Brian Keller can't remember the last fall when he hasn't played or coached football.
"Between playing and coaching, I've had football in the fall ever since I started city rec flag football in Seward in fourth grade," said Keller, who was entering his 25th season as Nebraska Wesleyan head coach before the American Rivers Conference announced Tuesday that it was postponing the fall sports of football, volleyball and men's and women's soccer to the spring.
"And before that, I was playing football with the neighbor kids, so the answer is never."
“We are extremely disappointed that our football, volleyball and men’s and women’s soccer teams will not compete this fall,” NWU President Darrin Good said in a statement. “Nebraska Wesleyan — along with the other eight American Rivers Conference schools — have worked tirelessly for the past several months to plan and implement the necessary protocols that would create a safe environment for our fall sports’ student-athletes, and we were confident in our protocols.”
The ARC held out as long as it could.
The nine-school NCAA Division III conference was the last of 44 Division III conferences nationally to call off fall sports after the NCAA Board of Governors put in new COVID-19 mandates last week that would make it difficult for small schools with limited athletic budgets to move forward. Conference fall competition will continue in men’s and women’s cross country, women’s golf and women’s tennis.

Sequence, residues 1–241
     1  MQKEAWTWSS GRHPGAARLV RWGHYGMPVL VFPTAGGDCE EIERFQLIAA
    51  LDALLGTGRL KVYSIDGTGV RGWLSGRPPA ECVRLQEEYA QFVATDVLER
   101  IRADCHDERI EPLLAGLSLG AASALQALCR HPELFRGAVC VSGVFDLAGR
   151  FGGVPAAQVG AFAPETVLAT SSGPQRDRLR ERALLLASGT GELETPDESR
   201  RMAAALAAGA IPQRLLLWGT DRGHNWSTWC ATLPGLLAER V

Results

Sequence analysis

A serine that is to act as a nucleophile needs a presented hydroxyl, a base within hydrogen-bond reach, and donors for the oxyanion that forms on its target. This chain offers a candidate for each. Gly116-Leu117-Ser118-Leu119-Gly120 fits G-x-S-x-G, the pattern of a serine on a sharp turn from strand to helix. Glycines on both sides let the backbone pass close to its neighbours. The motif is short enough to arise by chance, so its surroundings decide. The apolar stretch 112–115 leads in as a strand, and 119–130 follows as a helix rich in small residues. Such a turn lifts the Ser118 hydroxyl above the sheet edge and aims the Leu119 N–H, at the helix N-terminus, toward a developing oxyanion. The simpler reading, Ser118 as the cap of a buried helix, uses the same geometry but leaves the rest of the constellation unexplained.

The new mandates in the "Resocialization of Collegiate Sport” plan called for COVID-19 testing frequently with small windows for results in several sports. Previous NCAA guidelines were merely recommendations and allowed schools to use guidelines from local and state health departments.
"We literally invested thousands of hours among the staff at our nine American Rivers Conference schools to create processes and protocols that would have enabled us to conduct fall sports with low risk of COVID-19 transmission,” Good said. “Ultimately, the NCAA’s mandates — which were originally offered as guidance — are not tenable for nine ARC schools to implement, particularly the requirement to test frequently with a short window for test results for all of our fall athletes.
“Athletics is an essential part of our culture (at Nebraska Wesleyan) and we are fully committed to giving that experience to them in the spring semester.”
Keller echoed the sentiments of the NWU president.
"I felt really, really good about the system and protocols that were in place," said Keller, who played his college football at NWU. "I think we were able to meet all the requirements that were in place until the NCAA changed them on Friday. The mandates they put in place would've been impossible for a small school like ourselves to follow."
The NWU players were scheduled to report Wednesday for the start of preseason fall camp, a process that will still occur.
"Most of the guys are already here," Keller said. "Now the focus is getting them settled in the next few days and making sure they get off to a good start academically when classes begin."
Keller said the weight room at the Weary Center was full of football players working out Tuesday afternoon, even after the news earlier in the day of the fall season being called off.
"It was great seeing our guys in there working and still doing the right things like wearing masks and social distancing," Keller said.
Keller has no idea what a spring football season will look like. His guess is it will be five games or less because that's the limit the NCAA has put on to insure the players can keep an extra year of eligibility to make up for the lost season.
Now the focus will move to winter sports, and decisions about men’s and women’s basketball, men’s and women’s indoor track, and wrestling will be made in the coming weeks.